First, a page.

Thinking about the act of listening to your favorite music as a religious experience isn’t a unique concept. In preparation for writing this piece I’ve read a few articles where other writers have explored this same idea. “…a good concert reminds us that there is something bigger than ourselves.” Says blogger Matthew Moore. When we think of the phrase “something bigger than ourselves” it always has a spiritual context to it, usually when a person is explaining their belief or their desire to believe in some form of a higher power. Is Madonna my higher power? It’s a crazy thought so I’m still not so sure if that’s what I literally mean when I tell people that she is my “religion” But its so easy and perversely fun to continue to make these silly sacrilegious analogies.
Another lesson I recall from my Christian upbringing was the stressed importance of fellowshipping among other believers. At the time I rolled my eyes at that idea because I honestly believed it was just another line to guilt the congregation into bettering their attendance. Empty pews don’t do any good for a pastor’s reputation and neither do empty concert seats for touring musicians! But perhaps there is some truth in that lesson I am missing. Sure I can enjoy Madonna’s live shows in the comfort of my own home just the same way a Christian can substitute a 3 hour in person sermon with 20 minutes of700 Club. But any active church goer will tell you that it’s just not the same thing. There are advantages to fellowshipping with other believers. And when you attend a live show there is a sense of fellowship there as well. So with that in mind I have a feeling that watching Madonna’s tours through YouTube videos and communicating with fellow diehard fans through forums and messages boards will pale in comparison to finally conversing with them face to face in her presence!
I am looking forward to this experience. It’s my first chance to revel in the presence of a woman who’s life story and creative endeavors has held me in a feeling of constant revelation. I want to say it’s a once in a life time experience but I can’t say that with absolute certainty. For one she has made it very clear that she has no plans on retiring soon. So there could very well be more tours to come for the next few decades! Besides, calling it once in a lifetime would contradict all the cute analogies I took the time to make. I don’t think there’s a single major religion practiced today whose followers worry about the sudden mortality of their supreme being. “I am the Alpha and the Omega, the first and the last, the beginning and the end.” (Revelations 23:13) “ I am everything…I want it to last forever” Says Madonna in a red carpet interview back in ’85.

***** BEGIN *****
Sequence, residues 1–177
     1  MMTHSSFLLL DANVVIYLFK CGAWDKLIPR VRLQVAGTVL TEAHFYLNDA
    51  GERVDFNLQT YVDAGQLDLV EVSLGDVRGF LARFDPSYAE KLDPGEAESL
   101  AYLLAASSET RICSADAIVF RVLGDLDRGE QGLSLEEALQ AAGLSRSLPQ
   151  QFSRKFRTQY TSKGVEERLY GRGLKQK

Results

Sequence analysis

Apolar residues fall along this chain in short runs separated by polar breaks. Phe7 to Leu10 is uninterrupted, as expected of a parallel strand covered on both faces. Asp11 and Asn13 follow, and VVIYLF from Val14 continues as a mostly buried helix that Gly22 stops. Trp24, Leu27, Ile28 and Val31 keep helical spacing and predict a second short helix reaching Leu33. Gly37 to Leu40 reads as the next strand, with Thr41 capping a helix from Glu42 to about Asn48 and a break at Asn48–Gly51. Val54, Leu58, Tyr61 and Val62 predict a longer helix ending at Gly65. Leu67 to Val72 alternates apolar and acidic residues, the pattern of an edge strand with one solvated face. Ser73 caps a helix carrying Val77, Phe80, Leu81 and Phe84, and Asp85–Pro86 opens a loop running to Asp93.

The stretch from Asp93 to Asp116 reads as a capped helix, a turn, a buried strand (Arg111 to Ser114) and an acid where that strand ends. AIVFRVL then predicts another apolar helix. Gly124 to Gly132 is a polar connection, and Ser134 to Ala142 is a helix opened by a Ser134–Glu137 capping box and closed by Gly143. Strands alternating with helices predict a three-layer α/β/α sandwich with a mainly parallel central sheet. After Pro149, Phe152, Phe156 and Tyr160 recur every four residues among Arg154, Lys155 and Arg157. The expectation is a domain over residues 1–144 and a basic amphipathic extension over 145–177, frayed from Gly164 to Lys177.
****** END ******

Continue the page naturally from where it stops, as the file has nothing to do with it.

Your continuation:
I plan on making the most of experience because it’s my first chance to interact with people just as crazy as I am. This has to be why people attend church. There is joy in the act of celebrating one’s passion. And that joy is magnified when expressed within a large group. How can you not feel joy in a stadium full of people singing songs in one accord? “Lift every voice and sing.” “I sing because I am happy” These simple yet powerful lines from praise and worship songs do mean something when you use them within a context of something you sincerely care about. Is it as powerful an experience as claiming to be in the presence of God? That is up to each individual’s own self interpretation. Just like any other sincerely held belief.
Duane the Brand New Dog is a Detroit-based artist. Read our latest interview with him here, and his own music can be heard over here.